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Justice Is Served


January 22, 2010 6:20 PM

Hint about King James' future? Just maybe ...

Perhaps it was a sign from King James himself. Maybe, just maybe, he was dropping more than a subtle hint that what awaits his loyal subjects are more seasons like the seven he has given them. 

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But in following King James, you have to look for any hints -- subtle or otherwise. His candor about his future is as slippery as a politician's. Not that lies come out his smiling face; he simply favors coyness to full disclosure.

So as he stood near midcourt Thursday night, celebrating a homely-looking 93-87 win over Kobe Bryant and the L.A. Lakers, King James swaggered in front of his adoring subjects. He puffed his chest and pulled the fabric on his wine-and-gold jersey taut to accentuate the words "Cavs" on its front.


His show of emotion likely meant nothing, as so much of what LeBron James does means -- not in the sense of offering introspection.

As much as his subjects know about him, they know so little. The men who travel in the King's crew might as well collect paychecks from the Secret Service for how well they insulate LeBron from the prying eyes of people who want to big deeper into his soul.

And those people are there; they are everywhere, looking around and dissecting his life, trying to find the secrets to his success or those sordid tales that always make for good tabloid headlines.

More than anything, those publications want to be the first to report what King James has in store for his future.

Financially, that part of his future is secure. His wealth exceeds most men's wildest imagination. He's more beloved than he could have thought possible. Even in his boyhood dreams, did he really see himself as this global icon?

In his hometown, in his backyard actually, he is as revered as any athlete in this city's history. Sports fans of a certain age might argue that Jim Brown was a more dominant talent, but only men from the oldest of old schools could posit the notion that Brown, the greatest running back in NFL history, was more adored.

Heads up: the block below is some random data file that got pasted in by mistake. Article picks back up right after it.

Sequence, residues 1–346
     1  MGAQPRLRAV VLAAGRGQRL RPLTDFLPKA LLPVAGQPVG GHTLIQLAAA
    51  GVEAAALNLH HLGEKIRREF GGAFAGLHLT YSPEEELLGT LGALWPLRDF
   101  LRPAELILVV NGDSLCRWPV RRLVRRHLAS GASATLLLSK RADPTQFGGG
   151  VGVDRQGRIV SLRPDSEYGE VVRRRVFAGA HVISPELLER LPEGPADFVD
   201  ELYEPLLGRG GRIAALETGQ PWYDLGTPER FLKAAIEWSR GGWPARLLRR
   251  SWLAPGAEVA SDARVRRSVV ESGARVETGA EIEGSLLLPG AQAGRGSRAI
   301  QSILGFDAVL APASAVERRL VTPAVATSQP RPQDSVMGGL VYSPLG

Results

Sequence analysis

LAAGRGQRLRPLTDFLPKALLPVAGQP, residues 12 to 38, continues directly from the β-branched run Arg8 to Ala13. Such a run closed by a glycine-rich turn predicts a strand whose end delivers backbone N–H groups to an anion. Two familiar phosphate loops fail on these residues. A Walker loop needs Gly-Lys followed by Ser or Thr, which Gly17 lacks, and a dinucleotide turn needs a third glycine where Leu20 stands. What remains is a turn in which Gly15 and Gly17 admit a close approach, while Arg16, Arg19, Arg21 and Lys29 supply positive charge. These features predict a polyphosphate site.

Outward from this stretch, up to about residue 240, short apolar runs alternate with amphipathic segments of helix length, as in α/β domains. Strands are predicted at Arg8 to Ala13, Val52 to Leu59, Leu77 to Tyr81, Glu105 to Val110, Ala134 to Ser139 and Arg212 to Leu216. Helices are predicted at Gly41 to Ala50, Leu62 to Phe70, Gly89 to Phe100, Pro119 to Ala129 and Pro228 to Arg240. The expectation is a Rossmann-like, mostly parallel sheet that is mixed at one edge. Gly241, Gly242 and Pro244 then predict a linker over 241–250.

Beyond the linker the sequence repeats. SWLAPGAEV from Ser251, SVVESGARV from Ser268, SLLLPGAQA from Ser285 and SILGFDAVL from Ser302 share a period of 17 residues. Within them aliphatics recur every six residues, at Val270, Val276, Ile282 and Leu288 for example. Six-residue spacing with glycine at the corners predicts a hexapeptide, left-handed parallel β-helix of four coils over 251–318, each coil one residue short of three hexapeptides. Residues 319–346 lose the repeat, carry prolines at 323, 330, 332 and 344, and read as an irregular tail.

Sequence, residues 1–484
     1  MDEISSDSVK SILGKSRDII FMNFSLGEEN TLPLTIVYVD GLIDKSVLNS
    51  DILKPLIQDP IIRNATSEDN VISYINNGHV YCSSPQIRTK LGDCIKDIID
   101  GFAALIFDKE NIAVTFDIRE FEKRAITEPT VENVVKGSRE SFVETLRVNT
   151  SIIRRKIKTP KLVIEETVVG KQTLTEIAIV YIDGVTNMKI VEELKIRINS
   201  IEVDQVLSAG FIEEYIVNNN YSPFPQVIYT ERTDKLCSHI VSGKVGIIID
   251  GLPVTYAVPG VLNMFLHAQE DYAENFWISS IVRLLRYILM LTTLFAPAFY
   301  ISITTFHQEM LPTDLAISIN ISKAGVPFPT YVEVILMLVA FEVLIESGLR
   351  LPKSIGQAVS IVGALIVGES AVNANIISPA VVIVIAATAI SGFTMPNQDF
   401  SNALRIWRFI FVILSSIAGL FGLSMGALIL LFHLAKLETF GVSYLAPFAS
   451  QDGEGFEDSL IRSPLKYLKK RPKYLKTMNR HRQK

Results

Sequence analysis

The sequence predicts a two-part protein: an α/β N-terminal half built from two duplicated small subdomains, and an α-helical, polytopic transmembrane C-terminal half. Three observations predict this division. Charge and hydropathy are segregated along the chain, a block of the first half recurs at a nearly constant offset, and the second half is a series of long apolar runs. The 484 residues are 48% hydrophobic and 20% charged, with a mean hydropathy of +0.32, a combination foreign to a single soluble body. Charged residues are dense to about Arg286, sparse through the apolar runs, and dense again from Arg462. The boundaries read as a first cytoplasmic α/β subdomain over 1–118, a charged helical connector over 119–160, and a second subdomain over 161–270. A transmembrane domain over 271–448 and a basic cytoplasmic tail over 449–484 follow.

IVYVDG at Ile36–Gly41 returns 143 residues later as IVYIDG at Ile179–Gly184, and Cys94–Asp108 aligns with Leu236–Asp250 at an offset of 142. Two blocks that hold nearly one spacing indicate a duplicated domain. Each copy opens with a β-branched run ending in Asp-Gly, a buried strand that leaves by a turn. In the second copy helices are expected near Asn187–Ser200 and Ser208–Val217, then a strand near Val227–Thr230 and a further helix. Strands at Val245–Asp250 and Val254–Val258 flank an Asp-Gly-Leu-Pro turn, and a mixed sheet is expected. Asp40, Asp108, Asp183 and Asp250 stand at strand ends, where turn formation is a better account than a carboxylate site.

The game, of course, has changed since Brown put on No. 32 and ran over defensive backs for a handsome living. Sports in the 1960s are a world removed from what sports are this century. Athletes today are brands, and no athlete's brand is more revered or more coveted than LeBron's.

Kobe's might challenge it, but with Tiger Wood's global image tarnished beyond repair, it
would be an interesting discussion about which of these NBA stars has supplanted Tiger as the No. 1 brand.

No. 1 or No. 2, it means little right now. Over the long haul, the King will emerge No. 1, because Kobe, 31, is closer to the end of his NBA career. King James, 25, hasn't hit his prime. 

So what lies ahead of him are admiration and adulation that might rival Michael Jordan's fame. LeBron will be in the conversation about which player was the game's best: Air Jordan or the King himself.

But that debate won't find an answer until King James has launched his last jumper. It's interesting barbershop chat, but it's not a question that nags NBA fans here while they wait nervously for his answer: Is he staying or is he going?

Before this year rolls into 2011, the King will give his answer. His contract with the Cavs expires at season's end. He will then have the pick of NBA teams to cast his lot with: the Nets, the Knicks, the Wizards ... everybody. 

All will court and fete and dine LeBron James like no professional athlete before him. They will try to convince him that Cleveland, his hometown, is too small a galaxy for a star like his to sparkle. They will call Cleveland an outpost similar to Siberia, a place not befitting of someone of his stature.

Nobody needs to tell LeBron James how dazzling his celestial light is. His basketball has taken him around the globe. From Asia to Europe, from Beijing to Boston to Barclay Square, he's no unschooled rube. He counts among his friends some of the richest men on the planet, and if they can achieve extraordinary wealth in places far removed from Paris, Tokyo, London, New York and Dubai, so can King James. 

He doesn't have to trade his hometown for places that promise him the universe. For King James has the world here. Isn't that enough?

That might have been the point of his on-court display in front of his hometown and the fans who have watched him grow from hoops wunderkind to NBA icon. He stretched in his jersey to showcase the word Cavs for a reason: his pride in the team. 

It is his team; it is his arena; it is his town. King James knows that better than anybody else. He has it all here.

Can the King get that anywhere else? 


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